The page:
Theses and Dissertations

Issuing Body

Mississippi State University


Thomas, M. Kathleen

Committee Member

Campbell, Randall C.

Committee Member

Franz, Dana P.

Committee Member

Rogers, Kevin E.

Committee Member

Swinton, John R.

Date of Degree


Document Type

Dissertation - Open Access


Applied Economics

Degree Name

Doctor of Philosophy


College of Business


Department of Finance and Economics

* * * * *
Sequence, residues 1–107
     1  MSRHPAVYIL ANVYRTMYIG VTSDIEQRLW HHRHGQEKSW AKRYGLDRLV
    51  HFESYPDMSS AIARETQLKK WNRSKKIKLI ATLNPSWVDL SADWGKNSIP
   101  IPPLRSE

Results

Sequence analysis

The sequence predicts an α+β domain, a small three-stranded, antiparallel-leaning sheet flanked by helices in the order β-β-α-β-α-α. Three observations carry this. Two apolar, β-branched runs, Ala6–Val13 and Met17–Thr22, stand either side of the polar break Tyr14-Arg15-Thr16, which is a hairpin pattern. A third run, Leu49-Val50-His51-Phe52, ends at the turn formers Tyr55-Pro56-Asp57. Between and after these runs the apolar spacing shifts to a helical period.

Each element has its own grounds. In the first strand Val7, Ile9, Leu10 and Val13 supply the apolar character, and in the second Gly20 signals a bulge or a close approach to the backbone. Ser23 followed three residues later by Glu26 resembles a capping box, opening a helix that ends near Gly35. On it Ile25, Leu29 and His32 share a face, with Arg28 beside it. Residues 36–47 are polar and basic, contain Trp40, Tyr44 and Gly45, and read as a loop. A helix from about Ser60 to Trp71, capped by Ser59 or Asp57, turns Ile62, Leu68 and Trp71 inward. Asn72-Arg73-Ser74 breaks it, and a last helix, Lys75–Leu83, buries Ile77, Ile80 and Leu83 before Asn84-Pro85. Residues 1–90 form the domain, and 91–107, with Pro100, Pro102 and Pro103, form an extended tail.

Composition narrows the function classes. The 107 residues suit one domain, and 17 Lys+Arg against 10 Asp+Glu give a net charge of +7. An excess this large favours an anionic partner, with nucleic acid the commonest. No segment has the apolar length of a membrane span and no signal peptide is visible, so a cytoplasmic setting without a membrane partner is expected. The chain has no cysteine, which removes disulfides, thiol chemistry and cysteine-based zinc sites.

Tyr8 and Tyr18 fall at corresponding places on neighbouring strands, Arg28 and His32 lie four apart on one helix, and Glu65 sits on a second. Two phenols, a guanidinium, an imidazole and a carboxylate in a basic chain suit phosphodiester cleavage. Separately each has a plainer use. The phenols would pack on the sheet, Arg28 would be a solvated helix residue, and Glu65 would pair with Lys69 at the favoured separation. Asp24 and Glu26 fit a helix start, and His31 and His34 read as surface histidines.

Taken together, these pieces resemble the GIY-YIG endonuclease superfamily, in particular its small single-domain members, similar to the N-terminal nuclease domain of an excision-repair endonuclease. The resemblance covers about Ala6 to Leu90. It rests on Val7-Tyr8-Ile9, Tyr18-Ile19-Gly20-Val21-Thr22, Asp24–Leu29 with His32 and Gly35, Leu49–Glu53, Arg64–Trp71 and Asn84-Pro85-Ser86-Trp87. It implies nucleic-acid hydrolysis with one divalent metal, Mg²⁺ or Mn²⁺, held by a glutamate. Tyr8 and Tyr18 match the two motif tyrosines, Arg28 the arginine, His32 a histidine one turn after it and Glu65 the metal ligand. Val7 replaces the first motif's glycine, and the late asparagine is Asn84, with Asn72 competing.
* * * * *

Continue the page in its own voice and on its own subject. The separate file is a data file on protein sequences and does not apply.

Prior researchers (Anderson et al. 1994; Ballard & Johnson 2004; Hoag & Benedict 2010) have shown that different math abilities do not equally correlate with success in economics, yet no research has specifically compared algebra and geometry skills as predictors of economics success. In the first essay, I find that students’ standardized geometry scores are a much greater predictor of success in economics than standardized algebra test scores. The study uses a rich data set that includes all Georgia public high school students who took a mandatory economics course in 2006, 2007, or 2008. Results from this study provide supporting evidence that utilizing a generic math proxy is probably unwise for researchers modeling economics success. These findings can also be used to strengthen recruitment efforts since geometry scores seem to be a strong predictor of economics aptitude. Although causality cannot be inferred from my findings, it is plausible that a mandatory geometry course prior to economics would improve student outcomes in economics. In the second essay, I analyze the relationship between economics education and macroeconomic policy attitudes of the general public following the financial crisis of 2008. Using survey data of all 50 states, I find that economics literacy is correlated with preferences for three of the six policies preferences studied. Specifically, economics literacy is positively correlated with support for decreased taxes and a smaller government, and negatively correlated with supporting a ceiling on CEO salaries. Additionally, the completion of college and high school economics is positively associated with supporting a decreased role of government. While prior researchers (Roos 2007; Walstad 1997) found that economics literacy can influence policy preferences, there have been no prior studies, to my knowledge, that analyzed the effects of economics knowledge and economics course-taking on policy preferences within the same dataset. My results show that economics literacy and course-taking exert independent effects on macroeconomic preferences for some policies. Thus, any researcher predicting economic preferences should consider controlling for these economics literacy and economics course-taking variables. Furthermore, my findings suggest that the advancing prevalence of economics education could lead to a shift in public preferences.